Matthew 13:28b-30a – The servants asked him, "Do you want us to go and pull them up?" "No," he answered, "because while you are pulling the weeds, you may uproot the wheat with them. Let both grow together until the harvest." (NIV)
Recently, some Facebook friends posted pictures of their garden flowers. They were all pretty, but only one got a "like" from me: the dandelions. I liked them because I saw a glint of mischief in them. They were obviously unwelcome in this garden, yet their plush, yellow blooms glowing in the sun delighted my eye and, I suspect, the gardener's eye, too. How can a weed be so delightful? How can anything that is so unwelcome be so welcoming?
Dandelions remind me of the various worship expressions found in our churches: The loveliest forms of worship can also be resolutely unwelcome. For example, applause after a sacred solo can be as refreshing as a vibrant bloom and as disturbing as a weed. Likewise, the doxology can be exuberant praise, yet like an overgrown weed. This is true of almost anything related to worship. These things mischievously capture our attention through their controversial potential: What some folk are eager to preserve, others long to eliminate. Like dandelions, worship traditions possess power to stir worshippers both to adore God and to deploy "weedkiller" — even at the same time. How do we handle this unending quandary of paradox in worship?
The solution lies in our ability to accept that worship itself is paradoxical. We worship God with both grief and joy: grief over our utter sinfulness and joy over God's relentless love for sinners — and His marvellous gift of salvation.
In truth, we worship a Lord Who is paradoxical by nature. God is both just and merciful — often in ways that unsettle us: The unholy becomes a context for praise, while the disfavoured is blessed by God.
We simply cannot expunge the impure from the pure without the risk of injury to fellow worshippers. Jesus advised us to let "weeds" grow with the "wheat". Did you notice that this command is paradoxical in itself? It's bad farming; yet it depicts God's good purposes.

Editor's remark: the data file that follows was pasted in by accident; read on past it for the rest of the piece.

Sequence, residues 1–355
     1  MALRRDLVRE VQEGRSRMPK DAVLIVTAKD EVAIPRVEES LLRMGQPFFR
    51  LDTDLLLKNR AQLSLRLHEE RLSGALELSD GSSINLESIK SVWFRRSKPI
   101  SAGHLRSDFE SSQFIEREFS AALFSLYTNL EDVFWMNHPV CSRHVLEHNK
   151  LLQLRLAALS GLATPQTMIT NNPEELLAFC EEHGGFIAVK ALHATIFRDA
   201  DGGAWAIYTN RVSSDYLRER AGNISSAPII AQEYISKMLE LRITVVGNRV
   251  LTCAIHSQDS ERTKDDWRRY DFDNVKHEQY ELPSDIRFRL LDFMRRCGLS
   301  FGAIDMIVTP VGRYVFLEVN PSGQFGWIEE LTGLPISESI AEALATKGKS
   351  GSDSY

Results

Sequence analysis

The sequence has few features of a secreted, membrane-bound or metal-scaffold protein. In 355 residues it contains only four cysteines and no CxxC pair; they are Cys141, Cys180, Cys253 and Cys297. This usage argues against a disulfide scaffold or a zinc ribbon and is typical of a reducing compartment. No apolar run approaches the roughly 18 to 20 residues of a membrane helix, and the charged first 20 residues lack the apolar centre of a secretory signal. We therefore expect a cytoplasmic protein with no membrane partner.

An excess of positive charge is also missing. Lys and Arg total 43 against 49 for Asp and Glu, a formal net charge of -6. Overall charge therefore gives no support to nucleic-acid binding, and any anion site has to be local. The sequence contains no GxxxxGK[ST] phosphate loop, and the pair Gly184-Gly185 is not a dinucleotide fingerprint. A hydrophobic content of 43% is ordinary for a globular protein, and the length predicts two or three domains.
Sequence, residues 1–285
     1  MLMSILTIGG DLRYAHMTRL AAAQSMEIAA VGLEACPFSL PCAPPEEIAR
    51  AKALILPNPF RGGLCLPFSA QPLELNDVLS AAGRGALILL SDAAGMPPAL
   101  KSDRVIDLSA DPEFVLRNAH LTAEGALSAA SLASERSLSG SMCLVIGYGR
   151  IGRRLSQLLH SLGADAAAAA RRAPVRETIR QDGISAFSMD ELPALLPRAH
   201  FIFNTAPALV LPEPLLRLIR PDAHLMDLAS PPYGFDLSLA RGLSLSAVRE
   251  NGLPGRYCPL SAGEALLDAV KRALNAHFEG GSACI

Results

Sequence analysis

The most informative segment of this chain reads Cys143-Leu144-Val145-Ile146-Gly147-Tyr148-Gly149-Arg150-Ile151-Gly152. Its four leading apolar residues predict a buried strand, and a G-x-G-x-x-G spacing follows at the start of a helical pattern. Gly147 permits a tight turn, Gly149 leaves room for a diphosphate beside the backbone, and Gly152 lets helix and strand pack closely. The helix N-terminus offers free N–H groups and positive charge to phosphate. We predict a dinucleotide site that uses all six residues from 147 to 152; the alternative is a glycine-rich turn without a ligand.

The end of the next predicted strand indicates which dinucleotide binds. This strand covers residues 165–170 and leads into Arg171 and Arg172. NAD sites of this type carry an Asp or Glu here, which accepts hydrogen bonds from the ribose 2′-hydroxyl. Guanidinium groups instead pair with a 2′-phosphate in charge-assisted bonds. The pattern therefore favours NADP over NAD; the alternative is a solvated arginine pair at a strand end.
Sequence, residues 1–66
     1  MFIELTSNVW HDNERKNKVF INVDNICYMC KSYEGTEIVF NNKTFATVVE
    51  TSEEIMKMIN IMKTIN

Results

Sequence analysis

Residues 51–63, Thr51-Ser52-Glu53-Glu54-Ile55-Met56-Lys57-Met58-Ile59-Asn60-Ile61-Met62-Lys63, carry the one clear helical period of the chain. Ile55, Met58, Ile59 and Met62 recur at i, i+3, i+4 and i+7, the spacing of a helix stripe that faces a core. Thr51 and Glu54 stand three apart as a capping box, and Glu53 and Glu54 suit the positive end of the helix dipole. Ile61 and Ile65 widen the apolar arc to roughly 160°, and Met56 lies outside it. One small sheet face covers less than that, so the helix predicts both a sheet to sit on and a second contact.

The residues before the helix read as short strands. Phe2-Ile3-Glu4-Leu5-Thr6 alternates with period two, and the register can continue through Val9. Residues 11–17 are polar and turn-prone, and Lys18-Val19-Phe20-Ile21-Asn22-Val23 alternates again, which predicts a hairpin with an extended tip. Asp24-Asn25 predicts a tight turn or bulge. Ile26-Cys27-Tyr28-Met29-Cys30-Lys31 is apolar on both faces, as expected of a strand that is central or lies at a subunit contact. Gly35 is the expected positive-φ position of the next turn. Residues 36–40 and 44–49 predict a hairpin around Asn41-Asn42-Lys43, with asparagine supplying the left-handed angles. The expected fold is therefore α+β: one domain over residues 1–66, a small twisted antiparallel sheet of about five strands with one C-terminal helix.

We can easily become derailed when we focus on eradicating the "impure" — be that "impure" music, attire, language (e.g. politically incorrect terms), or the questionable worship practices of the "other camp". Preoccupation with these things will cause the gifts of grace and love to be eclipsed, and legalism will take root.
If we cannot accept the paradoxical nature of worship, we cannot truly love the unlovely. If we cannot accept a paradoxical God, we cannot worship and adore Him for Who He truly is. We would be like Jonah, who disdained God's mercy toward a violent city. And we would sneer at hypocrites without seeing our own hypocrisy.
Love alone empowers us to embrace the paradoxical. Love enables us to worship among fallen people with a posture of empathy — rejoicing with those who rejoice even while weeping with those who weep. Real love is radically paradoxical. And love, in actuality, is our ultimate expression of worship.
Prayer: Dear Lord, we cannot thank You enough for Your longsuffering love and Your relentless passion to forgive and to give us second chances even when there is nothing about us that earns such favour. Inspire us to grasp and to know the depth of Your holy love for us, so that we can reflect that love and find praiseworthiness in all of life's "dandelions". Amen.
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Listen while you read: "Holy Spirit Hear Us" (Lyrics)